Not everyone is so blessed to do what you are doing. Your writings are such a great way to stay connected and to share!
    May God bless you and keep you refreshed!

    Liked by 1 person

    1. So sorry to hear about your mother-in-law. Parkinson’s Disease is so devastating. There really are times when a person’s needs are just too extensive to be met in the home. It sounds like she’s in a good setting and yet surrounded by people who love her. Still, I know it must have been hard for you all. God bless you and your family. Someday there will be no more sickness and no more dying. Until then, we do the best we can by the people we love. Prayers for you and your family, and especially the little one who’s on the way. 🙂

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  3. Oh, Audrey, your mom was that young?! never dreamed; that’s my age, so obviously you’re still what I consider quite young! do you mind sharing more of her situation being that age? my dad lived to 95 at home but he had his grandson come live with him; being a WWII vet he was able to get their program so grandson could get a stipend to stay with him; I would go stay with him to give him some time off but if he hadn’t ended up passing away when he did, not sure how much longer we could have kept him at home, but thankfully we were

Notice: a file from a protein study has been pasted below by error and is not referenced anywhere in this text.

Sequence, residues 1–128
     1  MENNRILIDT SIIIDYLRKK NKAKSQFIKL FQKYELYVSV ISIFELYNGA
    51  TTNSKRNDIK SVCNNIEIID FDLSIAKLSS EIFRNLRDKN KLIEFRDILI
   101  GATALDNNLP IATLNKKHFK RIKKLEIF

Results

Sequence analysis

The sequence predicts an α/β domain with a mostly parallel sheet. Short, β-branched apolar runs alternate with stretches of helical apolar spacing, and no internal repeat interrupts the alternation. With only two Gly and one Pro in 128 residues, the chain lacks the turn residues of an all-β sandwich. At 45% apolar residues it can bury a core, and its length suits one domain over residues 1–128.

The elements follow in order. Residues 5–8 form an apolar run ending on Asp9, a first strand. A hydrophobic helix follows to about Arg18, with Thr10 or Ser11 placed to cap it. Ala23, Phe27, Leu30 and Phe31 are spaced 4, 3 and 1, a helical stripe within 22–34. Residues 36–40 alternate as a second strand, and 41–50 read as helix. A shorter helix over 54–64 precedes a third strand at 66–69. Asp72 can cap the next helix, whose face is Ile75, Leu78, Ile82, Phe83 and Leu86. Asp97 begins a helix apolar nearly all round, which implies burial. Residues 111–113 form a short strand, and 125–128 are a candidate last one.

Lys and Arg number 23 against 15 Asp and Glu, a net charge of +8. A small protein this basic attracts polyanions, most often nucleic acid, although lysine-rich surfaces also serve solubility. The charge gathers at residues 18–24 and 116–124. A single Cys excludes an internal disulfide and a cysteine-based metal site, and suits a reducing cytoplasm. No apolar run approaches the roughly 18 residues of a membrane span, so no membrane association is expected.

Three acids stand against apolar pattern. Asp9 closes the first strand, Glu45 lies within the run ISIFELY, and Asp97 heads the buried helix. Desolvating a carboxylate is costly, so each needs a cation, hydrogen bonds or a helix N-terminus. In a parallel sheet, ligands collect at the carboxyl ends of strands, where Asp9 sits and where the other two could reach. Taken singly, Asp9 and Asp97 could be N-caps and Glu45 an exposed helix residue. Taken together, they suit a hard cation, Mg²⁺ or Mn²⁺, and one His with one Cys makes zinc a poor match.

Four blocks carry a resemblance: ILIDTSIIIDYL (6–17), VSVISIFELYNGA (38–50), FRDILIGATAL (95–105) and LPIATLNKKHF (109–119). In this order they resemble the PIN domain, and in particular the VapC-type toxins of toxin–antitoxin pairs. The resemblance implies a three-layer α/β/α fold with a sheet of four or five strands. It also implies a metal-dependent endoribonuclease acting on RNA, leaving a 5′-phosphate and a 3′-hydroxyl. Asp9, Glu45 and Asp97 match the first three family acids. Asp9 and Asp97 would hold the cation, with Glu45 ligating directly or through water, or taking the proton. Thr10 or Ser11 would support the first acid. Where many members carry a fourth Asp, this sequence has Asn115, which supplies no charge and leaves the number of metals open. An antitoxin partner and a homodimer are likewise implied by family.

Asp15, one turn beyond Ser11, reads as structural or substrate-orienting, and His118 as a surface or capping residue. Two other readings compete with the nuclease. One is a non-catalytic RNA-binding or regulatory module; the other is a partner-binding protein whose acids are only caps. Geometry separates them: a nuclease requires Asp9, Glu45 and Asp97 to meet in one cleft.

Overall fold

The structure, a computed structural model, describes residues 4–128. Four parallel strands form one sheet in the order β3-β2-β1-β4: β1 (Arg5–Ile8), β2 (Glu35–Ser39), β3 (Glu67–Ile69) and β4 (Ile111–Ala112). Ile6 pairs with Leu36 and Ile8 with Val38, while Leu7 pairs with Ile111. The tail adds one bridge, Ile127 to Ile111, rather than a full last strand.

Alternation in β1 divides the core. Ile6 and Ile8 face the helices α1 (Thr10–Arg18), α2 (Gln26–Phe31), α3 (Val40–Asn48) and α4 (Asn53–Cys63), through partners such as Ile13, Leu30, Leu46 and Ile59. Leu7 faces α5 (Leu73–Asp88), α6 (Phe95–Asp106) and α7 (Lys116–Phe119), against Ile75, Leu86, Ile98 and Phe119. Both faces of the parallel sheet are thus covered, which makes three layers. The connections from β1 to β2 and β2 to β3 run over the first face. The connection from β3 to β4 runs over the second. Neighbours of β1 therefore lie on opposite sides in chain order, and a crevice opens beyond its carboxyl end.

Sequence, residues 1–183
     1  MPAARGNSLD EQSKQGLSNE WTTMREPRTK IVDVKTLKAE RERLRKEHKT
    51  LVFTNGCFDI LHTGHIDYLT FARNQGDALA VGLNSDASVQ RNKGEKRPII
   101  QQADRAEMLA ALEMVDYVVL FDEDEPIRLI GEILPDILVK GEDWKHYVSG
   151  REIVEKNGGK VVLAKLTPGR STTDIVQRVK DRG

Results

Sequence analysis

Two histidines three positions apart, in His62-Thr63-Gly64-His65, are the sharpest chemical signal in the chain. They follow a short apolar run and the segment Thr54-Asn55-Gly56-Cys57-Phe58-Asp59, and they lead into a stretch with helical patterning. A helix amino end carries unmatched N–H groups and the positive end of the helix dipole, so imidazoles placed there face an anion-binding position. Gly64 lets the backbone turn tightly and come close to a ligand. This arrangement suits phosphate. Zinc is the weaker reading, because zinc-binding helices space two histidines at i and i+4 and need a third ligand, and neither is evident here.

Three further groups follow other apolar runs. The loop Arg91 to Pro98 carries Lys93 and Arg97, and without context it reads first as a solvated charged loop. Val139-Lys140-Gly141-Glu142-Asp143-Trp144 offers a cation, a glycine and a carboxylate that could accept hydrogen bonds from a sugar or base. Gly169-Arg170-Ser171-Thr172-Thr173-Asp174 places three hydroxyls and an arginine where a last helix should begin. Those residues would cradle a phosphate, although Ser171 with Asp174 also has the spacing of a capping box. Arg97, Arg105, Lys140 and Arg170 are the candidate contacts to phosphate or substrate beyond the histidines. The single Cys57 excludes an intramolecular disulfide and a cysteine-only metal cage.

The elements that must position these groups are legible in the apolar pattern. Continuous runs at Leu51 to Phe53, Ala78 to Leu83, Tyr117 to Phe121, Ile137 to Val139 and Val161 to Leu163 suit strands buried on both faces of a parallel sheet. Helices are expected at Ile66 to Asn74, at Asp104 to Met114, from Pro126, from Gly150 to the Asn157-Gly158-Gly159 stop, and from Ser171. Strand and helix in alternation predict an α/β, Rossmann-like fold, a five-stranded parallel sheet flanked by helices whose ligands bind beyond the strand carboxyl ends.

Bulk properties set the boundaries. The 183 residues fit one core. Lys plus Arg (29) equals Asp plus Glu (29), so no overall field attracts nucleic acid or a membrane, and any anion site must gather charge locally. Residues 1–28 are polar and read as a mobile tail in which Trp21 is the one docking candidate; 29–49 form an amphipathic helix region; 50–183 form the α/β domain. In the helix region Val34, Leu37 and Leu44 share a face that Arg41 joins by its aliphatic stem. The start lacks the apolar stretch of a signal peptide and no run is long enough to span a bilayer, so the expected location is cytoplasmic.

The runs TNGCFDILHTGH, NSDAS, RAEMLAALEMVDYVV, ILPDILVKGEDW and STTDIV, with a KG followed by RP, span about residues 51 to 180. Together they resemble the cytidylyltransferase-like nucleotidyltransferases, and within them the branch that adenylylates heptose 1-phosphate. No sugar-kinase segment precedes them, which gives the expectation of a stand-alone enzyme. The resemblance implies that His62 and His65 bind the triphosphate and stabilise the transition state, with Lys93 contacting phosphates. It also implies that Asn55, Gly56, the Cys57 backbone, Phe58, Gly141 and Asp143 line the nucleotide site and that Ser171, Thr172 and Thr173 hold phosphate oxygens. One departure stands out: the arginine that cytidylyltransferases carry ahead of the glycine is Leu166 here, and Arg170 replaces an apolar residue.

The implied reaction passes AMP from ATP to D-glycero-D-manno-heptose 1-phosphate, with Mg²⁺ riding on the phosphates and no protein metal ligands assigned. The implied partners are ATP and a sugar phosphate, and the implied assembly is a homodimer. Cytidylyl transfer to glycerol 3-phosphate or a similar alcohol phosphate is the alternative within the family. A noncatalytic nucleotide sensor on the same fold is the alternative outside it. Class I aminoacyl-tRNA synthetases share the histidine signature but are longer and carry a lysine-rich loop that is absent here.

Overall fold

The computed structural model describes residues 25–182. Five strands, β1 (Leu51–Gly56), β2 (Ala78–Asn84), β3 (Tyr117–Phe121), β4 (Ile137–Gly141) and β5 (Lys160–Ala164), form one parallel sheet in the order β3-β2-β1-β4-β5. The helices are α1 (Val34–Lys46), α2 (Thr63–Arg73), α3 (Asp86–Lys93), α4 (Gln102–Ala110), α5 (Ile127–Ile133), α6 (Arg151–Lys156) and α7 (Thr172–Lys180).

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    1. Hi Donna. Mom was actually born eight weeks premature at a hospital that ran out of incubators. She wasn’t suppose to live out her first night, but both she and God had other ideas. Many, of her health problems stemmed from the simple fact that she popped out of the oven simply too soon. The fact that she ended up living 60 full wonderful years really is a miracle. I believe it’s not how long we live that matters, but what we make of the time we lived. Mom didn’t waste a second, and her life, though not as long as I would have liked, is one we can celebrate. Hopefully her story can continue to inspire us to live lives worth celebrating as well. 🙂

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      1. oh, wow, Audrey, and not only survived but apparently married and had a family, right? reminds me of a story in a book of stories about a mom who got polio and lived on to have another child after that and how much that child admired her “pluck”; sounds like not only do you feel blessed to have her but feel she was blessed to have you; she’s an inspiration to me to not waste a second of my life either – trying to find the reference to the verse – Lord, teach us to number our days